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NICE, France (VN) — Carlos Betancur (Ag2r-La Mondiale) survived a harrowing final stage Sunday to become the first Colombian to win Paris-Nice in what is a watershed moment for the precocious South American.
Although this year’s Paris-Nice, sans time trials or major mountaintop finales, was ideal for his puncheur style, and more than a few would-be rivals suffered some bad luck, Betancur was strong when he needed to be to secure the most important victory of his young, promising career.
Just where does Betancur go next? Can he be this year’s Nairo Quintana (Movistar), and blast through his Tour de France debut in similar fashion?
What’s clear is that the 24-year-old Betancur is his own man.
“I do not fear anyone. I am a respectful person, and I have a lot of respect for my rivals, but I do not fear anyone,” Betancur said. “I am ambitious. I love racing my bike, and I want to win big races.”
Betancur hails from the small town of Ciudad Bolivar in rural Colombia. He said his family worked as coffee growers, and he grew up hoping to race his bike, but couldn’t afford it. He finally managed to link up with a local club and quickly won his first race, which helped him tap into Colombia’s flourishing cycling community.
More results in local and regional racing linked him up with the Colombian national team, where he was second at the under-23 world championships in 2009. He won the Giro-Bio in 2010.
“I grew up dreaming of being a pro, but I could have never imagined winning a race like Paris-Nice or starting the Tour,” he said. “When I started this week, I never thought I would win. By far, this is the most important victory of my career.”
Betancur shot onto the radar screen last season with an impressive Ardennes campaign and an equally successful Giro d’Italia debut, riding to fifth overall and winning the white jersey.
He came into this season visibly overweight, but team boss Vincent Lavenu, who compared him to Joaquim Rodríguez (Katusha), said Betancur is a rider who continues to broaden his skillset.
“He’s still a few kilos too heavy, and he needs to lose that before the Ardennes to have a real chance of victory,” Lavenu said. “For the Tour, we will not put pressure on him, but we hope he can win a stage, or even finish in the top 5.”
Betancur hedges when asked if he thinks he can win a grand tour some day, and admitted he prefers racing one-day races instead, citing the Ardennes and the world championships as his favorites.
Lavenu said it remains to be seen how Betancur handles the heat of France’s summer, and against longer time trials.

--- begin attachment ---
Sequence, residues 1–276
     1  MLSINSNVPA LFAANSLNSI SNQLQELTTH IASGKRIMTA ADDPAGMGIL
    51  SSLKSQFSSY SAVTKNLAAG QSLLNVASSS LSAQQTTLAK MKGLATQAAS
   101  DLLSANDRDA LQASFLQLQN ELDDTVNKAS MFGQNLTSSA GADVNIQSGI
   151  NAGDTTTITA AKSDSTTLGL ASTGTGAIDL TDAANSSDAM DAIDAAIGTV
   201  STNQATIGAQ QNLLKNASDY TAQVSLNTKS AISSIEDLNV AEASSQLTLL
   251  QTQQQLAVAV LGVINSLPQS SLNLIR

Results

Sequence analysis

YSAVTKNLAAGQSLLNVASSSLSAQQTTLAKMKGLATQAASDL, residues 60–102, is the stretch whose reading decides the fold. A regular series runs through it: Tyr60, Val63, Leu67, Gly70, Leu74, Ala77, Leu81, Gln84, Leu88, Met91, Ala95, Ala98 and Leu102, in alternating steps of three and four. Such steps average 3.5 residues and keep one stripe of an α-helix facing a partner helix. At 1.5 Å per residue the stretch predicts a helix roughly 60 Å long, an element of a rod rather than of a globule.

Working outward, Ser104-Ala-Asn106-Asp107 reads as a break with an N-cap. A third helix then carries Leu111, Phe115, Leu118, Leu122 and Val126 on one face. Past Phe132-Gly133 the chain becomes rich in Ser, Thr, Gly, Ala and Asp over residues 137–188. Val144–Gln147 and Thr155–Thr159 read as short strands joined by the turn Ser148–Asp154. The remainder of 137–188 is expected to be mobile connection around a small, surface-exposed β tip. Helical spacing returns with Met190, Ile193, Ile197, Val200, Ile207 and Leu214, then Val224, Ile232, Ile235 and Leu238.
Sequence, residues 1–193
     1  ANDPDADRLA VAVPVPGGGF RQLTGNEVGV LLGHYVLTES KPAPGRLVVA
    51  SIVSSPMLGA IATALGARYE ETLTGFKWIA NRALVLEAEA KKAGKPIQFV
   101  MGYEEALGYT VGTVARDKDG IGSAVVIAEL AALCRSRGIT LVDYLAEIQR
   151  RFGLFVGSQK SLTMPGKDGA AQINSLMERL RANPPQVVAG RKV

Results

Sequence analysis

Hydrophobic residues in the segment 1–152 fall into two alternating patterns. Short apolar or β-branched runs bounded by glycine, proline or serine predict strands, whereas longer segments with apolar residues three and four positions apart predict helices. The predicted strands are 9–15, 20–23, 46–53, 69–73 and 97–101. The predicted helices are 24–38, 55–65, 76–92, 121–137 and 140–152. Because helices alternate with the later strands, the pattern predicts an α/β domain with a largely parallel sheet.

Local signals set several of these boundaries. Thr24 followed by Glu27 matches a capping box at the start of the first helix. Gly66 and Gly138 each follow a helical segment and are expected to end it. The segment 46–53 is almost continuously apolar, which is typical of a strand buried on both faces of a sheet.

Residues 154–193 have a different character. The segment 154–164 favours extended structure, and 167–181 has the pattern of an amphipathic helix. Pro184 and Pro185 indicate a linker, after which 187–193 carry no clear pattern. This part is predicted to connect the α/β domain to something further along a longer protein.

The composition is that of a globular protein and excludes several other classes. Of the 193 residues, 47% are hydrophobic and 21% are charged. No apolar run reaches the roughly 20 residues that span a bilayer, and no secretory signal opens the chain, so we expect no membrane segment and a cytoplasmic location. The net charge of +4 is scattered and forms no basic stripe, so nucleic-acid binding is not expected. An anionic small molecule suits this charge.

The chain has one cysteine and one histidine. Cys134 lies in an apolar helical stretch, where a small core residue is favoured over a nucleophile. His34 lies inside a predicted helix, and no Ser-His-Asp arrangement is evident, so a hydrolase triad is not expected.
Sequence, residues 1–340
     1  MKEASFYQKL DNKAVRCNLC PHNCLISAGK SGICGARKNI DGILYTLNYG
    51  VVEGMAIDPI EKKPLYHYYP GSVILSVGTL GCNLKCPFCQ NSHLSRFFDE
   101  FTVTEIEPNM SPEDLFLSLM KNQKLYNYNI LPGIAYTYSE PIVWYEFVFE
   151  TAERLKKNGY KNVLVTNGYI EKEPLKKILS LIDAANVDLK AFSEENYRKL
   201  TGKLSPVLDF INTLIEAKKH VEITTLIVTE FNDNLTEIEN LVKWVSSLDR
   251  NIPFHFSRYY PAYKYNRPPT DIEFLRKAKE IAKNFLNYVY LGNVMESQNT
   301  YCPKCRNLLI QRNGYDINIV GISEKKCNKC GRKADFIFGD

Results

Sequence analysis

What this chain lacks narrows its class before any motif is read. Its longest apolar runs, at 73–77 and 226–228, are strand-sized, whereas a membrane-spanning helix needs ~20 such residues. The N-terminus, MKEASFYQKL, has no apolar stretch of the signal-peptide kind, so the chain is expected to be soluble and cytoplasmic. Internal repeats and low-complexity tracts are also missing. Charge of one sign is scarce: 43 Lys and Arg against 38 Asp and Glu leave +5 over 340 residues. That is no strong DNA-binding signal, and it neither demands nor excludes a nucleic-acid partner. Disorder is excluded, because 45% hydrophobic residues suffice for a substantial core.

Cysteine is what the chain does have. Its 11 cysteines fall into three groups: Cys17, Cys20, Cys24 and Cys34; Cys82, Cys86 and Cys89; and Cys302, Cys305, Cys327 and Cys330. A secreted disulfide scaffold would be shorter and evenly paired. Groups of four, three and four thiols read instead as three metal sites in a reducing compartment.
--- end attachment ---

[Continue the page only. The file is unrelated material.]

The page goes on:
Betancur trains with Michele Bartoli, the former Italian pro who is now quietly training a handful of professional riders, including some from Lampre-Merida.
“Michele is like a second father to me. I live less than one kilometer from him, and I see him almost every day,” Betancur said. “He’s been very important to my progress in Europe.”
Unlike many of his Colombian compatriots, most of whom live and train near Pamplona, Spain, Betancur has settled near Lucca, Italy, to be closer to Bartoli.
When asked how he compares to Colombia’s other breakout star Quintana, Betancur’s reply was telling. He obviously doesn’t like riding in the shadow of anyone.
“Nairo is very good in the climbs and can time trial well,” he said. “I think I have my own qualities.”
But he quickly adds that it’s a dream of the current generation of Colombians to race on the same professional team some day, saying he chose Ag2r over other teams “because they gave me the best opportunity to grow and demonstrate my qualities.”
Betancur has emerged as an old-school puncheur, a rider who has explosive power up short, steep climbs, and will certainly enter the spring classics as a favorite at such races as Flèche Wallonne and Liège-Bastogne-Liège.
His victories at the Tour du Haut Var and Paris-Nice prove that Betancur can win, even when he’s not in top form. If he manages to control his weight, Betancur could prove hard to beat come April.
And what about July? The entire world will be watching.
“I am looking forward to racing the Tour, because the longer, sustained climbs of France are more similar to what we train on in Colombia,” he said. “Finishing fifth in the Giro last year was big, but to win at Paris-Nice is even more important. It’s the second most important race in France.”